Meet Mark

Let me introduce myself. My name is Mark Sisson. I’m 63 years young. I live and work in Malibu, California. In a past life I was a professional marathoner and triathlete. Now my life goal is to help 100 million people get healthy. I started this blog in 2006 to empower people to take full responsibility for their own health and enjoyment of life by investigating, discussing, and critically rethinking everything we’ve assumed to be true about health and wellness...

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Tag: gluten

Dear Mark: Visting Family – Primal Compromises and Grain Alternatives

Dear Mark,

Browsing the Crossfit nutrition forums, I recently came across an interesting discussion about buckwheat, a possible Primal-friendly grain alternative. It caught my eye because I’ve been on the lookout for alternatives to pasta and bread ever since I found out that my Standard-American-Diet family will be visiting for an entire week (!) next month. What are your thoughts on buckwheat in particular and my conundrum at large?

I’ve previously covered a number of popular grain alternatives in my post about quinoa. In that post you’ll find suggestions like eggplant, butternut squash, crustless quiche, sweet potatoes and stuffed mushrooms. These are good go-to options when you are feeding family members that are used to starchier foods, or when you are making the transition to Primal eating and are finding it difficult to not revert back to eating your usual biscuits, pasta dishes, pancakes and croissants. But what of buckwheat?

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The Definitive Guide to Grains

Amber Waves of Pain
Order up! Yes, folks, it?s definitive guide time again. I?ve read your requests and am happy (as always) to oblige. Grab your coffee (or tea), and pull up a seat. Glad you?re with us.

Insulin, cholesterol, fats? They?re only the tip of the iceberg. I?ve had a few ?definitive? topics up my sleeve for a while now, and grains are it for today. Yes, grains. I know we?ve given them a bad rap before, and it?s safe to say I?ll do it again here. Sometimes the truth hurts, but you know what they say about the messenger, right? Without further ado?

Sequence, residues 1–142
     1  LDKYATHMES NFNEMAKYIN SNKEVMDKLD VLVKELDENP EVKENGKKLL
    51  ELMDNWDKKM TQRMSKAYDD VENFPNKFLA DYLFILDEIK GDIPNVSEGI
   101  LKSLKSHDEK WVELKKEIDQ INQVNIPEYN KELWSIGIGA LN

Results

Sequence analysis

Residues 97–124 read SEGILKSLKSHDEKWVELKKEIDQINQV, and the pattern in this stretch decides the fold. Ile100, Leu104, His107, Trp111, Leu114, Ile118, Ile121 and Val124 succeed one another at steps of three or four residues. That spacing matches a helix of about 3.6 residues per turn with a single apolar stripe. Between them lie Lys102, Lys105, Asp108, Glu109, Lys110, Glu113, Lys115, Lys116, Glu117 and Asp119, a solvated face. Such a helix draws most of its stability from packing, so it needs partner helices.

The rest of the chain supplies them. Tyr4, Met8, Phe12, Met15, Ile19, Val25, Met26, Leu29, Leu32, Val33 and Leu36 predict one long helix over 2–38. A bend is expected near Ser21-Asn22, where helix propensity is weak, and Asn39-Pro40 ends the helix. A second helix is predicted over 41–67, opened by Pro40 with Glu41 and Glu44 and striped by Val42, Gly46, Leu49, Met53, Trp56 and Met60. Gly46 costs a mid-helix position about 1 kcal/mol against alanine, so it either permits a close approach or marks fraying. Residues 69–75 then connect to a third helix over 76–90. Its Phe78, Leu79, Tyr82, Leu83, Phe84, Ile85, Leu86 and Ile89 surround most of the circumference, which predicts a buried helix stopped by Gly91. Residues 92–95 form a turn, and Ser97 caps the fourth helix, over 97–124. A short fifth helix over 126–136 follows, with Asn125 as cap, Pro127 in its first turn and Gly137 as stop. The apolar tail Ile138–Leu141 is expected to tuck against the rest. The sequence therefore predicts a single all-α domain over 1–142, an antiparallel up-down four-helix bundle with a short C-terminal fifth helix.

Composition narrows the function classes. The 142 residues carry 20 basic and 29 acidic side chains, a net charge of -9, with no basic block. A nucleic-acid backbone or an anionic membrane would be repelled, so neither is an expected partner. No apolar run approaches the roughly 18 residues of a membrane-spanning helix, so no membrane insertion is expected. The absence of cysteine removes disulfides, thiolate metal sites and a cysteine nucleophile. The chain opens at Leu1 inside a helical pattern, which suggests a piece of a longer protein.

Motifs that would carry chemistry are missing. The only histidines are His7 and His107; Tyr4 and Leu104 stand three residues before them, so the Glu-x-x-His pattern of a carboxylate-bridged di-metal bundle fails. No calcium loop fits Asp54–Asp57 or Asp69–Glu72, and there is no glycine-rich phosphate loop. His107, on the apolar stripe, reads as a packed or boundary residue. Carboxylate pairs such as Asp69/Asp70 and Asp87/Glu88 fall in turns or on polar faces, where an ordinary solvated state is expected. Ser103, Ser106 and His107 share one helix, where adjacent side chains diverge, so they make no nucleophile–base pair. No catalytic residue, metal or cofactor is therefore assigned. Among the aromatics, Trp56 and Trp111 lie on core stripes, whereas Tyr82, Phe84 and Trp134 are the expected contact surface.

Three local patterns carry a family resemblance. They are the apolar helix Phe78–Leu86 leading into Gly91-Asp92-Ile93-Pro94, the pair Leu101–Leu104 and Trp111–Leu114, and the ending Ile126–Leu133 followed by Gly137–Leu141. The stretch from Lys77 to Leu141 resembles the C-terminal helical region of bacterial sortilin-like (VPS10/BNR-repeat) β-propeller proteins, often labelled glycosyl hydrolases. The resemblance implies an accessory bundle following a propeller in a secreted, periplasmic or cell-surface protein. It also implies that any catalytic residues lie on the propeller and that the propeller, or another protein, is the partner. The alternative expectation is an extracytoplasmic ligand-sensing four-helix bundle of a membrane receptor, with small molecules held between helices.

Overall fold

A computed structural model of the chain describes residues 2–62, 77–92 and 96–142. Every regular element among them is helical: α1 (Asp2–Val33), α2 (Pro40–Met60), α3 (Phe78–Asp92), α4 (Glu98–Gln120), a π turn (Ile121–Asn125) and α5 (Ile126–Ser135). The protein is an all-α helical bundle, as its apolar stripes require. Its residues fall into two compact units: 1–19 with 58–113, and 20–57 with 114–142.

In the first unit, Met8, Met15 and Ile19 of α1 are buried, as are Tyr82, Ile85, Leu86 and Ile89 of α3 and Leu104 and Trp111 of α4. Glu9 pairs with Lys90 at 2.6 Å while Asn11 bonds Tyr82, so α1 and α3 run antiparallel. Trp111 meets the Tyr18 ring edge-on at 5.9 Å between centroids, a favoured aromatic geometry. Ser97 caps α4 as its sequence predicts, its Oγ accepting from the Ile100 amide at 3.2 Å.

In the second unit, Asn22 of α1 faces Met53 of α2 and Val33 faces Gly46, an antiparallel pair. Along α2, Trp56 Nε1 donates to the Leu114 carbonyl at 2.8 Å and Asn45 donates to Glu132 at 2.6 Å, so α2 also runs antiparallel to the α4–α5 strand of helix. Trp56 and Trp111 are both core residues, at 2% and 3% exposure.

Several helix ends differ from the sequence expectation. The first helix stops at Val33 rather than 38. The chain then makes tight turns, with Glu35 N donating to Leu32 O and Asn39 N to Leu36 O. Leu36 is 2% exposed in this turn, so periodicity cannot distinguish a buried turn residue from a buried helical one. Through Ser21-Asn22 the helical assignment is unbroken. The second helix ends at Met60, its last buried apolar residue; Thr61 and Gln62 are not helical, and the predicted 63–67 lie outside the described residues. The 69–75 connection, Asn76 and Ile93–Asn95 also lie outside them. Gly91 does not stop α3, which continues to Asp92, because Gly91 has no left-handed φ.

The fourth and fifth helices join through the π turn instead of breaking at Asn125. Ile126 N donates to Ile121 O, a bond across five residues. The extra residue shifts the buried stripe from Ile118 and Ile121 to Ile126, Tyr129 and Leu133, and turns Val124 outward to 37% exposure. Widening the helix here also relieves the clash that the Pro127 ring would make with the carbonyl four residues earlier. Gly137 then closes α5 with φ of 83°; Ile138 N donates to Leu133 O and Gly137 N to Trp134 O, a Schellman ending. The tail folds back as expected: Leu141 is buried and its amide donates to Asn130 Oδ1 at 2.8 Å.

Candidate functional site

Grains. Every day we?re bombarded with them and their myriad of associations in American (and much of Western) culture: Wilford Brimley, Uncle Ben, the Sunbeam girl, the latest Wheaties athlete, a pastrami on rye, spaghetti dinners, buns for barbeque, corn on the cob, donuts, birthday cake, apple pie, amber waves of grain?. Gee, am I missing anything? Of course. So much, in fact, that it could ? and usually does ? take up the majority of supermarket square footage. (Not to mention those government farm subsidies, but that?s another post.) Yes, grains are solidly etched into our modern Western psyche ? just not so much into our physiology.

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Dear Mark: Gluten

Dear Mark,

You talk a lot about the evils of grains. I follow your logic on why a grain free diet is best, and I have seen weight loss and just feel better overall since heeding your advice. But there is one thing (well, more than one) that I don’t understand but hear about often. Could you explain what gluten is and why it should be avoided?

Gluten is a large, water-soluble protein that creates the elasticity in dough. It’s found in grains such as wheat, rye, barley, triticale, and oats. These days it’s also found in additives like thickeners and fillers used in everything from lunch meat to soup to candy.